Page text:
Smith saw that dedication first-hand while he was playing Glen Oaks on a dreary Sunday. He spotted Currier, who had yet to accept the job, scouting the property.
“He came somewhat unannounced, but he walked all 27 holes by himself, envisioning what he could do on each hole,” Smith said.
What did Currier see during that visit?
“It was like walking through a forest,” said Currier, who became Glen Oaks’ superintendent in 2010. “I’m not going to tell you I loved it. I liked the greens. Every hole looked the same to me. It was really tight. Literally, if you hit it off the fairway, you were punching out sideways.
“They were looking to turn over a new leaf so to speak and re-do the whole place. It looked like a great challenge.”The fifth hole of Glen Oaks' composite course shows the dramatic work done during the club's renovation. (Courtesy of Joel Weiman)
'The sky's the limit'
Long Island is home to some of the best courses in the United States, including Shinnecock Hills, the site of next year’s U.S. Open and the National Golf Links of America. Even the local courses that aren’t built on links land use fescue to create a rugged look. Glen Oaks wanted to do something to differentiate itself. Currier and the course's head pro, Tim Shifflett, took a trip to one of Currier's old haunts, Augusta National, for inspiration.
“A lot of the courses in the area have a lot of native fescue, like Bethpage Black, a big, rugged golf course,” Currier said. “We were certainly trying to separate ourselves a little bit with a real clean, elegant, sharp, manicured look. ... I think one thing I'm really proud of is that no matter where you stand on the property, you can look around and see a lot of holes and the bunkers popping out at you all over. It's the kind of feel you get at Augusta."
Said Weiman, “We couldn’t do Shinnecock better than Shinnecock, or National Golf Links better than the National Golf Links of America, so we went 180 degrees in the opposite direction.”
Weiman called the course’s metamorphosis a “bold transition.” Mother Nature helped the process. Hurricane Irene in 2011 and Superstorm Sandy a year later removed approximately 1,000 trees from the property.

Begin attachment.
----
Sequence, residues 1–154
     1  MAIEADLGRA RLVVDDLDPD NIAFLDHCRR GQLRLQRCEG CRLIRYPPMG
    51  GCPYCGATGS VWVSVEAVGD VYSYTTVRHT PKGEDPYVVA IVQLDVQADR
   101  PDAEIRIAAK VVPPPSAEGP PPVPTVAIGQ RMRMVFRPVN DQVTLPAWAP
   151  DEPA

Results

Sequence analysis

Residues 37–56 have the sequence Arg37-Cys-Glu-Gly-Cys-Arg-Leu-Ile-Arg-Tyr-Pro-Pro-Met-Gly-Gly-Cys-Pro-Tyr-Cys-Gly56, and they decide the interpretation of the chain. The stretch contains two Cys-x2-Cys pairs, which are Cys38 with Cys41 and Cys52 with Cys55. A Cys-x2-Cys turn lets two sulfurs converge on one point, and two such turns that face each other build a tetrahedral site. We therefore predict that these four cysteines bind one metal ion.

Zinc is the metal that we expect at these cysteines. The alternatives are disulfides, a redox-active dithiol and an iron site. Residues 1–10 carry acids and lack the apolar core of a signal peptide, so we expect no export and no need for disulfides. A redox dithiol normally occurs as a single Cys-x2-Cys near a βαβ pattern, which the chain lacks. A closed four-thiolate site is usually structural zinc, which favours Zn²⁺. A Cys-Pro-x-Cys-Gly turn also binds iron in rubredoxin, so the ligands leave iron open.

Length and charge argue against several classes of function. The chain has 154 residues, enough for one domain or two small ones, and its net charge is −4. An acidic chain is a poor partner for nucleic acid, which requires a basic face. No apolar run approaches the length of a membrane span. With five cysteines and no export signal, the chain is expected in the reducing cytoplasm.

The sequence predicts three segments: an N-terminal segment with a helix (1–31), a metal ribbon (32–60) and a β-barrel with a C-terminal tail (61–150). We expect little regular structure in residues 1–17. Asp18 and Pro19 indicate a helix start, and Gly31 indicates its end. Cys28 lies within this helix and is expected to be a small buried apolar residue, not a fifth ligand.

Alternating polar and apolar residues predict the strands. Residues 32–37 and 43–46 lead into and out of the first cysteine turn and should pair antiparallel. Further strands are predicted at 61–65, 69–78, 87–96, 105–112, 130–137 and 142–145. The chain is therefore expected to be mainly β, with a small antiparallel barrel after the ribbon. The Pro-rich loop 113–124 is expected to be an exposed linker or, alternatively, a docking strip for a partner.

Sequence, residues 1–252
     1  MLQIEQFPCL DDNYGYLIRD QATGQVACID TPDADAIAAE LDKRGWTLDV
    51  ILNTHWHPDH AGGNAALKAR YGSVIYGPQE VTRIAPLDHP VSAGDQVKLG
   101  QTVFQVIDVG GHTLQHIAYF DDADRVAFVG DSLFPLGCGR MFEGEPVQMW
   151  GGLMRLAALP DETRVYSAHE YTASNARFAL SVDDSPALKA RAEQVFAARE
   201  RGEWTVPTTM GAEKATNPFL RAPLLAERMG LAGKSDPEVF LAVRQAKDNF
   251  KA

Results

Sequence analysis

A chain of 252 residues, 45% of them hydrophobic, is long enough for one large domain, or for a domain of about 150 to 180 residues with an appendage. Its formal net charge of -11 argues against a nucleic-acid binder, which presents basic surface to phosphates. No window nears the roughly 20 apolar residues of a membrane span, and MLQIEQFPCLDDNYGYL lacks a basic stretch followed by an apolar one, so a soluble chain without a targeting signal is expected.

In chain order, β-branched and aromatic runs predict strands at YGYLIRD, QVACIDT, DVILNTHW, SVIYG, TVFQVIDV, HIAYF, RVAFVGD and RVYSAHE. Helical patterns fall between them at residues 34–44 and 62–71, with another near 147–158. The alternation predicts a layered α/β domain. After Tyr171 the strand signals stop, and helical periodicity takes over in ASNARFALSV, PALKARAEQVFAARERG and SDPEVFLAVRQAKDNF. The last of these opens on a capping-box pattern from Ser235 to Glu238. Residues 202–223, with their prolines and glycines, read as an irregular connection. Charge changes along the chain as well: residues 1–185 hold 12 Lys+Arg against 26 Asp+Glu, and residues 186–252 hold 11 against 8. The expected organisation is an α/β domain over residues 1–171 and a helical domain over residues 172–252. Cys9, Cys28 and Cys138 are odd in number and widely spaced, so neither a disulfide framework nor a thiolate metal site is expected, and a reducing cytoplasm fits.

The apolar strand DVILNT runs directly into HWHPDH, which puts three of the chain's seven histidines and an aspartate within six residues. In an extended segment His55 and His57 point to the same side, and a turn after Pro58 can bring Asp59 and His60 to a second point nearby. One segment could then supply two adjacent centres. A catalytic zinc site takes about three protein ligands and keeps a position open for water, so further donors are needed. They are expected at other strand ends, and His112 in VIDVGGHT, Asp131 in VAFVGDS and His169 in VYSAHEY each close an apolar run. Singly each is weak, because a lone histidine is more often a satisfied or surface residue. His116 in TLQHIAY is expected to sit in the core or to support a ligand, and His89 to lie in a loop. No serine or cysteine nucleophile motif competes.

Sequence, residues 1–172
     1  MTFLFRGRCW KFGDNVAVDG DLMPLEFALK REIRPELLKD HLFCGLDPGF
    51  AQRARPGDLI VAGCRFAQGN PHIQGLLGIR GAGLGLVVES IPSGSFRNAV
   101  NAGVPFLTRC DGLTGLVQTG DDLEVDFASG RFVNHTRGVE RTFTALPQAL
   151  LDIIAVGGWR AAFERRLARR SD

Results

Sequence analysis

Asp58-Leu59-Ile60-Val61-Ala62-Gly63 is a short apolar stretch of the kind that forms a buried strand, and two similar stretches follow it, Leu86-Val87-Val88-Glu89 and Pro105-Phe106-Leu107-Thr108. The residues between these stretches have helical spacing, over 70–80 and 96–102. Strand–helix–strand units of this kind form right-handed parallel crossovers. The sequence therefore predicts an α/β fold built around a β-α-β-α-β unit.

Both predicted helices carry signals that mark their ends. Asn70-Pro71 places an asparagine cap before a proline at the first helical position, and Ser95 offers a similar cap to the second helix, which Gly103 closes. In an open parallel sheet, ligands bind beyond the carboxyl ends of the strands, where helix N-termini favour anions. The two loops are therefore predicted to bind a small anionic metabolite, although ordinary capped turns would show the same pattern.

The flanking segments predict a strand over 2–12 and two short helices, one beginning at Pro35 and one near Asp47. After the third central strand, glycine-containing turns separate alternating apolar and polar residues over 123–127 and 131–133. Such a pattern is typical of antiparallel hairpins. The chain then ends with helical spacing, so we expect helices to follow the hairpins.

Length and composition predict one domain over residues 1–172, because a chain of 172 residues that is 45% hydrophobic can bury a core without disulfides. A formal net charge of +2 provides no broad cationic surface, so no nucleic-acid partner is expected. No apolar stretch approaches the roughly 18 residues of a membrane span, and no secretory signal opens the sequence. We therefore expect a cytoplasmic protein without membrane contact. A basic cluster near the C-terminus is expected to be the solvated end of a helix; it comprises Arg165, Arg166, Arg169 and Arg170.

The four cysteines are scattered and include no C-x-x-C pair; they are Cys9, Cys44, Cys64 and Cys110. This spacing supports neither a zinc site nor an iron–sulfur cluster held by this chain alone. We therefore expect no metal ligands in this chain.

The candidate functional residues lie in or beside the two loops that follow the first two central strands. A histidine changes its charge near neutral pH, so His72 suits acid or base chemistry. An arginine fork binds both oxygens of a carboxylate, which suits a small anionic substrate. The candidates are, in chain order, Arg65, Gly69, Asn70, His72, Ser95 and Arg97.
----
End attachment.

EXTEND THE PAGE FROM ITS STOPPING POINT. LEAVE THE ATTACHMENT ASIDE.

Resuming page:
“The golf course was very tight, narrow and nondescript,” Weiman said. “It didn’t have a lot of memorable holes. It wasn’t very strategic by any stretch. We opened it up, created angles and options and gave each hole its own identity.”
Weiman estimates that 30 percent of the property’s bunkers were removed, but the ones that remain were strategically placed to make players take risks to open up the best angles for playing the hole. The wide fairways encourage players to be aggressive and hit driver.
Weiman uses the 472-yard fifth hole, a dogleg-left par-4, as an example. Before the renovation, players had to nearly snap-hook their tee shot to keep it in the fairway. With the trees gone, fairway bunkers were built on the inside corner of the dogleg. Now players can take a risk by trying to carry those traps, or they can play safely to the right, leaving a longer approach.
There is no rough between the fairway and bunkers. Short grass leads directly into the sand traps, and connects green complexes to the next tee. It’s a look that is reminiscent of that famous course down in Georgia, and shows how dramatically Glen Oaks has changed.
Although Currier provided input with the strategic design elements, his main contribution, according to Weiman, was “to always push the envelope. In each instance, his first thought was grounded in the impact to the overall golf experience – not the impact to the future maintenance program.”
Currier was dedicated to creating a truly unique facility in Long Island. Now Glen Oaks gets its opportunity this week to shine.
“We were running with a bold vision,” Weiman said. “He never said, ‘That’s too much, that’s over the top.’ He was always willing to take the challenge, and that’s why it’s so spectacular now. That was the attitude, that the sky’s the limit.”Another before-and-after look at the changes to Glen Oaks. (Courtesy of Joel Weiman)